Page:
The main reason why I don’t do diets: beer!!
But, seriously, I’ll get into why I don’t do diets in minute. Let’s first recap my eats!
Ok, beer really is a big reason though.
While I cooked dinner last night, I sipped on a Left Hand Milk Stout, which is one of my new favorite beers. I first tried it at Picco back in February, and I’ve been obsessed with it ever since. It’s so smooth and flavorful—it’s definitely a sipper.
Left Hand actually makes a bunch of great beers, so if you haven’t checked out this brewery yet, please do!
On the menu for dinner last night: Shrimp & Avocado Omelets. They turned out great—delicious and super duper filling.
I added about a 1/2 cup of Plain Jane peanut butter granola that Lauren gave me yesterday. I ate a little bit of it after dinner last night and immediately knew that I wanted to incorporate it into breakfast this morning. Mmm!
- Sunday: Run to Remember Half Marathon
- Monday: 2 miles
- Tuesday: CrossFit (WOD includes 1 mile)
- Wednesday: 2 miles + CrossFit
- Thursday: 2 miles + CrossFit
- Friday: 2 miles
- Saturday: 2 miles
Why I Don’t Do Diets
The other day, I received this dieting infographic (click to enlarge) from DietDiva.com in my inbox:
The statistics on the right side didn’t really surprise me, but I found the graph on the left side to be really interesting.
It shows what percentage of your dietary intake comes from what food source on different popular diets. For example, if you decide to try a raw diet, you can see that most of your calories will come from grains, vegetables, fruit, and nuts. Where on a South Beach Diet, you will get almost equal amounts of each food group except for grains, and, surprisingly, it seems that this plan is high in sugars.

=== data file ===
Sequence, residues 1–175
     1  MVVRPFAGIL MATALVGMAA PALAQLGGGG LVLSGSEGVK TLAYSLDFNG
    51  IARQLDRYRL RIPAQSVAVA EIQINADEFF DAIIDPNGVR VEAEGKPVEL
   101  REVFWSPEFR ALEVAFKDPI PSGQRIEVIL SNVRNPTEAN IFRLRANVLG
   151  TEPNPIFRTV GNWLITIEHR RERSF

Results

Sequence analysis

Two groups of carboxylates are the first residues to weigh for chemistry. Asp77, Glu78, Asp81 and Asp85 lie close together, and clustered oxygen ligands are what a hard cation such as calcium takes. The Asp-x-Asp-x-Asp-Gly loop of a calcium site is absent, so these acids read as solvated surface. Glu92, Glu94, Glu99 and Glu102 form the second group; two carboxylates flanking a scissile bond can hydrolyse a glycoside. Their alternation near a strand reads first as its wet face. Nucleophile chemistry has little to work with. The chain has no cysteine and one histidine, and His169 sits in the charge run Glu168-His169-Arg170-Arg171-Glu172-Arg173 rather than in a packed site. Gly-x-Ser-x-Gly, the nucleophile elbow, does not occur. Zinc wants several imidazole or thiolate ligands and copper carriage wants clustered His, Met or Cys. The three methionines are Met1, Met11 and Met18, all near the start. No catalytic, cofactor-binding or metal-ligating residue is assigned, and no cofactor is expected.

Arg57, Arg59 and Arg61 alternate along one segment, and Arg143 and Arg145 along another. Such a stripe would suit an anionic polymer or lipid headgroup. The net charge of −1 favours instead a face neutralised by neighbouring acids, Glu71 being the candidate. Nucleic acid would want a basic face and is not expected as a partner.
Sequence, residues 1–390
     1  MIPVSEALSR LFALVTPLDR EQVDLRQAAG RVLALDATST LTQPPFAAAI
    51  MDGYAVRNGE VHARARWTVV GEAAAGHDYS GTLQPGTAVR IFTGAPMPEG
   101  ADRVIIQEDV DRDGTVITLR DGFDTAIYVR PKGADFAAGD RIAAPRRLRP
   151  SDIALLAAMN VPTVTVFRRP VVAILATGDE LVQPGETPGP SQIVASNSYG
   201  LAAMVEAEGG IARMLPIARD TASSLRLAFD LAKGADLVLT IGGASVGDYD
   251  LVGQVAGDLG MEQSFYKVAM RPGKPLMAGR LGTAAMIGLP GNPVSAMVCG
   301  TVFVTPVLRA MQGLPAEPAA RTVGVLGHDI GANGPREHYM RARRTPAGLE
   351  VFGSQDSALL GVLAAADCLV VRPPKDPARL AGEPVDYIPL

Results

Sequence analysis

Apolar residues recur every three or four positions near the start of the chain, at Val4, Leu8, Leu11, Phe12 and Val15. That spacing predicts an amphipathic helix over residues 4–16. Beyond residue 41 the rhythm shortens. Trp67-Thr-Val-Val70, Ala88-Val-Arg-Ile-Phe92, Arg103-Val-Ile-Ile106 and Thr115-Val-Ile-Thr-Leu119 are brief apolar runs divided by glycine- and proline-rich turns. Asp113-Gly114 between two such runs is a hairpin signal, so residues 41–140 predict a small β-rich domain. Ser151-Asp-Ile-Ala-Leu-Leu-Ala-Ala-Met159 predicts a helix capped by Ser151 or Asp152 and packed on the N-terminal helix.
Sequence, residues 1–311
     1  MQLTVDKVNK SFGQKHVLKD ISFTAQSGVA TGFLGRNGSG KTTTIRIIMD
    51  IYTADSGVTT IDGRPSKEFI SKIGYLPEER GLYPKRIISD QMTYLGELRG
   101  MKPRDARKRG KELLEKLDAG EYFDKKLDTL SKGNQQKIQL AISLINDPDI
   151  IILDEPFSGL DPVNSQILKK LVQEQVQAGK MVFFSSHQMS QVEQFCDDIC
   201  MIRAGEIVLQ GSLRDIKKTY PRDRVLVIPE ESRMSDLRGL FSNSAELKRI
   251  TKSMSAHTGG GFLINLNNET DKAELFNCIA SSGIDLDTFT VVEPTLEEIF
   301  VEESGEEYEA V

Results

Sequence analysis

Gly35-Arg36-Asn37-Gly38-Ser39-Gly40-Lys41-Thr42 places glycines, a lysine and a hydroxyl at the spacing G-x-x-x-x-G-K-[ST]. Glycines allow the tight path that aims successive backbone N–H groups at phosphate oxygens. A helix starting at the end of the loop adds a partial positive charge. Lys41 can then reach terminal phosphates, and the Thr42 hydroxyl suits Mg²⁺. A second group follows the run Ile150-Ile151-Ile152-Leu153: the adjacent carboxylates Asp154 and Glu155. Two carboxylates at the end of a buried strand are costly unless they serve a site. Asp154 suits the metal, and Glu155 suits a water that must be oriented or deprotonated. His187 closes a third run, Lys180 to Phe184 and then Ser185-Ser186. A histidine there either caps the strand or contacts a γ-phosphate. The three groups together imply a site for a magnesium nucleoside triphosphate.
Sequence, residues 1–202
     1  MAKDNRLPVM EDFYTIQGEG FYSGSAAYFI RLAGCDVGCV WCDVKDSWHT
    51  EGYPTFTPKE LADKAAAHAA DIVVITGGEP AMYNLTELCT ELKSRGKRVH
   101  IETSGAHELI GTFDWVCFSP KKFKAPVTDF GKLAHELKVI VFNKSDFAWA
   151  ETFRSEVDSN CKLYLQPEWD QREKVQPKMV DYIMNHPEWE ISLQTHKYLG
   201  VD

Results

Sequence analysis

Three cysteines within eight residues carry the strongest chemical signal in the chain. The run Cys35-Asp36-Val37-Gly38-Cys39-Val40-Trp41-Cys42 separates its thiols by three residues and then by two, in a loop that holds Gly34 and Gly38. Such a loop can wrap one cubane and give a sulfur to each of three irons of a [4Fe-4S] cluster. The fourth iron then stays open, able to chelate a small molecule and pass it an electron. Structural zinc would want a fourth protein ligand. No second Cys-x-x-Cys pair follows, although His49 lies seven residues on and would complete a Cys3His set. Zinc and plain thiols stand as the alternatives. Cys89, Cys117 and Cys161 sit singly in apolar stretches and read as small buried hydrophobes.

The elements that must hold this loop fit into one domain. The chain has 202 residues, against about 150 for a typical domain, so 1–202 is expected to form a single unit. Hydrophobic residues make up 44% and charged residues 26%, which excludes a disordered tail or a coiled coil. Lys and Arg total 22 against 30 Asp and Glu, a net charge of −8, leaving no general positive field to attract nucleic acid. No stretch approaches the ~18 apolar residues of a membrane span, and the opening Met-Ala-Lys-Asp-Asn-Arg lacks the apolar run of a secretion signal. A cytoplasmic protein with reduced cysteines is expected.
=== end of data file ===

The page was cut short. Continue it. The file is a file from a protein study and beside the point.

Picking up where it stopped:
Interesting data, right? It’s really neat to see these different diets presented in this way. I’m not generally a fan of diets, but it’s still interesting to see how they stack up against one another. With that said, let me briefly explain why I don’t do diets—I’ve been getting a lot of questions about Paleo, so I want to explain that too.
Even though people say Paleo is a “way of life” or a “lifestyle,” I still see it as a diet. Basically, I see any way of eating that restricts or cuts out an entire food group(s) as a diet. Maybe some people can sustain a certain way of eating for the long-term, but, personally, I think life is too long to not enjoy all kinds of foods. I need cake in my life, dammit!
When I first started CrossFit, I tried a Paleo-esque diet. I never fully cut out grains or dairy—I love beer and cheese way too much to ever eliminate them—but I increased my intake of meat, veggies, and healthy fats (avocado, nuts, coconut), which satisfied me better than my previous way of eating and helped me take control of my sugar cravings. (I still can’t get over how my once-crazy sugar cravings are almost nonexistent now. Eating less sugar also helped me lose a few pounds!) Changing up how I ate with Paleo in mind helped me eat healthier overall, but sticking to a diet just isn’t for me.
The diet that works best for me is eating mostly fruits and vegetables (lots of bananas and sweet potatoes), meat, fish, beans, whole grains (quinoa, bulgur, barley), nuts, and nut butters. When I can, I try to avoid trans fats (obviously), wheat (it’s generally tough on the digestive system), and soy (check out Michael Pollan’s reasoning), but I’m not super strict with these things. I truly love food (both “good” and “bad” – this blog is called Carrots ‘N’ Cake after all), so I just try to do my best and balance my choices. I also never want to turn down a food I want to eat just because it’s not part of my diet.
Question of the Day
What do you think about diets? What is your way of eating?